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My First True Story

I hope the Becoming Visible Campaign can humanize immigration policy by telling true, human stories. But for the past couple of weeks I’ve had a hard time finding those stories. I teach at a private college and live in a middle class neighborhood in Mobile, and I don’t see too many Hispanics. But today I found this wonderfully compelling story in a CNN news report by Gustavo Valdes. Gabriella Velazquez is a mom taking her kids out of school and packing up everything. It’s happening all over Alabama right now. Here’s a condensed version of the story, shifted to the first person for even more empathy:

I am Gabriella. Tonight I’m packing to leave Alabama. I crossed over into the U.S. with nothing but my clothes, and I’m going back the same way. You never know what life will bring. When we left our family in Mexico, they didn’t know what would happen to us. But my husband Marco became a carpet installer and I took jobs in restaurants, hotels and grocery stores. I was not planning on having kids, but here they are. I was not planning to sell everything to move back to Mexico either, but now I am. This law gives me no choice. My family is everything. I’ll make a final meal for my family tonight and get on a bus with my kids. My son asks, “Why do we have to go, why am I not going to school anymore?” His teacher is black, and she cried when I told her we are leaving. She told me about the struggles her people had in this same state. This law allows police to take me away from my children anytime, to disappear me, to make me invisible. So I will disappear before they do it for me. Isn’t that what they want anyway?


About Todd Duren

I'm a graphic designer, artist, and educator in Mobile, AL.

9 responses to “My First True Story

  1. Ted Arroyo ⋅

    Gabriella speaks for many, many hard working immigrants who are finding Alabama no sweet home. When and how are we going to address our state’s long tradition of xenophobia and racism?

    • Todd Duren ⋅

      Thanks for the comment, Ted. I hope we can achieve some immigration reform that will actually help people, and not just score political points.

  2. It is about the rule of law.When are you people going to quit crying racism.Illegal is illegal. period.

    • Todd Duren ⋅

      Thanks for the comment Larry. Lots of immoral laws have been enforced in Alabama. Here’s one: “No person or corporation shall require any white female nurse to nurse in wards or rooms in hospitals, either public or private, in which negro men are placed.” HB 56 criminalizes immigration status for the first time in Alabama, and its (intentionally?) vague standard of enforcement takes us back to Jim Crow days. This “rule of law” logic breaks down when a law is immoral, and many of us believe this one is.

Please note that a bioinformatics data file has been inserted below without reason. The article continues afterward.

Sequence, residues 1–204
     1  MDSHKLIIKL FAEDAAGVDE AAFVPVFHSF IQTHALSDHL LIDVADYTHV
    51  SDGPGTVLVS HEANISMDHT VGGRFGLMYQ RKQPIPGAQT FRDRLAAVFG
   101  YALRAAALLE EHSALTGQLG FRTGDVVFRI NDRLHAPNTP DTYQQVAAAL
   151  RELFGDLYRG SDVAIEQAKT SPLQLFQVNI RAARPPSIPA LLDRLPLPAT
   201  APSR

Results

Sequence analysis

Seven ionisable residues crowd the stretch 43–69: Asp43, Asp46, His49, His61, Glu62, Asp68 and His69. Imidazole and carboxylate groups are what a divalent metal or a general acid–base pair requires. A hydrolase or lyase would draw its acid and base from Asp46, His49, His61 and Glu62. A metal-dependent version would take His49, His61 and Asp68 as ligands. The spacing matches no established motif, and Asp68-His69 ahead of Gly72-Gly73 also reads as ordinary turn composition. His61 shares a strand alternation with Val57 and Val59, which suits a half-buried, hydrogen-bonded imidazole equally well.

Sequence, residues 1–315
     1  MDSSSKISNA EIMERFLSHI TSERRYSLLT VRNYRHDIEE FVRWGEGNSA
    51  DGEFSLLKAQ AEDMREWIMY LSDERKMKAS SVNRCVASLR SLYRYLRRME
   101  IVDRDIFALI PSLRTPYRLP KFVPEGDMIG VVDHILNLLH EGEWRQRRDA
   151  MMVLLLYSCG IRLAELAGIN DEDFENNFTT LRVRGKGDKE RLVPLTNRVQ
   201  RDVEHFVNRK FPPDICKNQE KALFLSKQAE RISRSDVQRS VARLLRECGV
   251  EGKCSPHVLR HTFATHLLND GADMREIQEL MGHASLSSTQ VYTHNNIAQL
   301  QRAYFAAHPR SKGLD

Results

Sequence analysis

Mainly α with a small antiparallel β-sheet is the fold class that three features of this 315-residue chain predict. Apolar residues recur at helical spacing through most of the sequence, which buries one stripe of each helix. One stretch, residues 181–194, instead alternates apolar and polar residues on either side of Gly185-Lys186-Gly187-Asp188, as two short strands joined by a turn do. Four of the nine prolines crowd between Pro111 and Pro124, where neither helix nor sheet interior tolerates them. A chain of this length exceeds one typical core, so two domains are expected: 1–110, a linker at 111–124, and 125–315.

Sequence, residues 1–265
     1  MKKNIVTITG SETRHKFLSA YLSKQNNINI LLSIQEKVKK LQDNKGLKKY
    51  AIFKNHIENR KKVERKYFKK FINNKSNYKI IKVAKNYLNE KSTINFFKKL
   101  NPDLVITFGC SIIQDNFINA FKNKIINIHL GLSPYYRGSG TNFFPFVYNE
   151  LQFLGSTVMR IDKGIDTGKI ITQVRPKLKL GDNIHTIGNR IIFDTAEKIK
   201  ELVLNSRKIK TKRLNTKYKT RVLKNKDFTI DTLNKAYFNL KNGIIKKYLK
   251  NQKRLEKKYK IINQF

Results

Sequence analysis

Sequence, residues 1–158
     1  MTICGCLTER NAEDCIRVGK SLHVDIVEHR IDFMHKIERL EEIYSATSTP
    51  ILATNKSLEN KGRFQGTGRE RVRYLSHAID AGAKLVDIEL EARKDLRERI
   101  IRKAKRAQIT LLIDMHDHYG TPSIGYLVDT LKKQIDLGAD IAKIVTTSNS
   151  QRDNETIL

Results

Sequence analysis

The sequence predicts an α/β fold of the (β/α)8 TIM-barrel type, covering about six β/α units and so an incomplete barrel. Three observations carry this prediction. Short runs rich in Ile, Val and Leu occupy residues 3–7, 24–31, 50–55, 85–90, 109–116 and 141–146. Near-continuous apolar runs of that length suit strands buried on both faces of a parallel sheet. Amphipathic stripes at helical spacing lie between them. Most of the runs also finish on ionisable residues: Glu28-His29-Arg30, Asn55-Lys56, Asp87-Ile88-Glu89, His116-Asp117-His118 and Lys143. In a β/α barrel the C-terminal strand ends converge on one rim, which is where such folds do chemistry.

3. Niklas

    The “law is the law” or “illegal is illegal” works well with monkeys who have limited reasoning skills. But for human beings with higher level reasoning ability that is not a good or satisfactory response. Laws are created by people and do not come from heaven; therefore, they should be questioned and challenged from time to time.

  4. Mariana ⋅

    Hola yo tengo,mi historia que tal vez te interesa,yo fui victima de violencia domestica,despues de salir de ella,me estaba levantando con mis dos hijas,cuando paso el tornado en tuscaloosa y perdimos completamente todo,ahora que otra vez estamos levantandonos,ponen esta ley que nos tenemos que ir y empezar nuevamente.

    • Todd Duren ⋅

      Thanks for my first Spanish comment, Mariana. Since I don’t speak Spanish, I’ve run it though Google Translate. I’m sure this is an imperfect translation: “Hello I have, my story might interest you, I was a victim of domestic violence, after leaving her, I was raising my two daughters when the tornado in tuscaloosa step and completely lost now that are rising up again , put this law we have to go and start again.”

      • Todd Duren ⋅

        Thanks for your comment, Mariana. I have translated your words using the Internet. Now that you have suffered domestic violence, a tornado, and this inhumane law, you must feel like things are very bad for you. I will keep your story in my heart and hope for all the best for you and your children.

        I’ll Google Translate this to Spanish…

        Gracias por tu comentario, Mariana. He traducido sus palabras a través de Internet. Ahora que han sufrido violencia doméstica, un tornado, y esta ley inhumana, debe sentir que las cosas son muy malas para usted. Voy a seguir tu historia en mi corazón y esperanza para todos lo mejor para usted y sus hijos.

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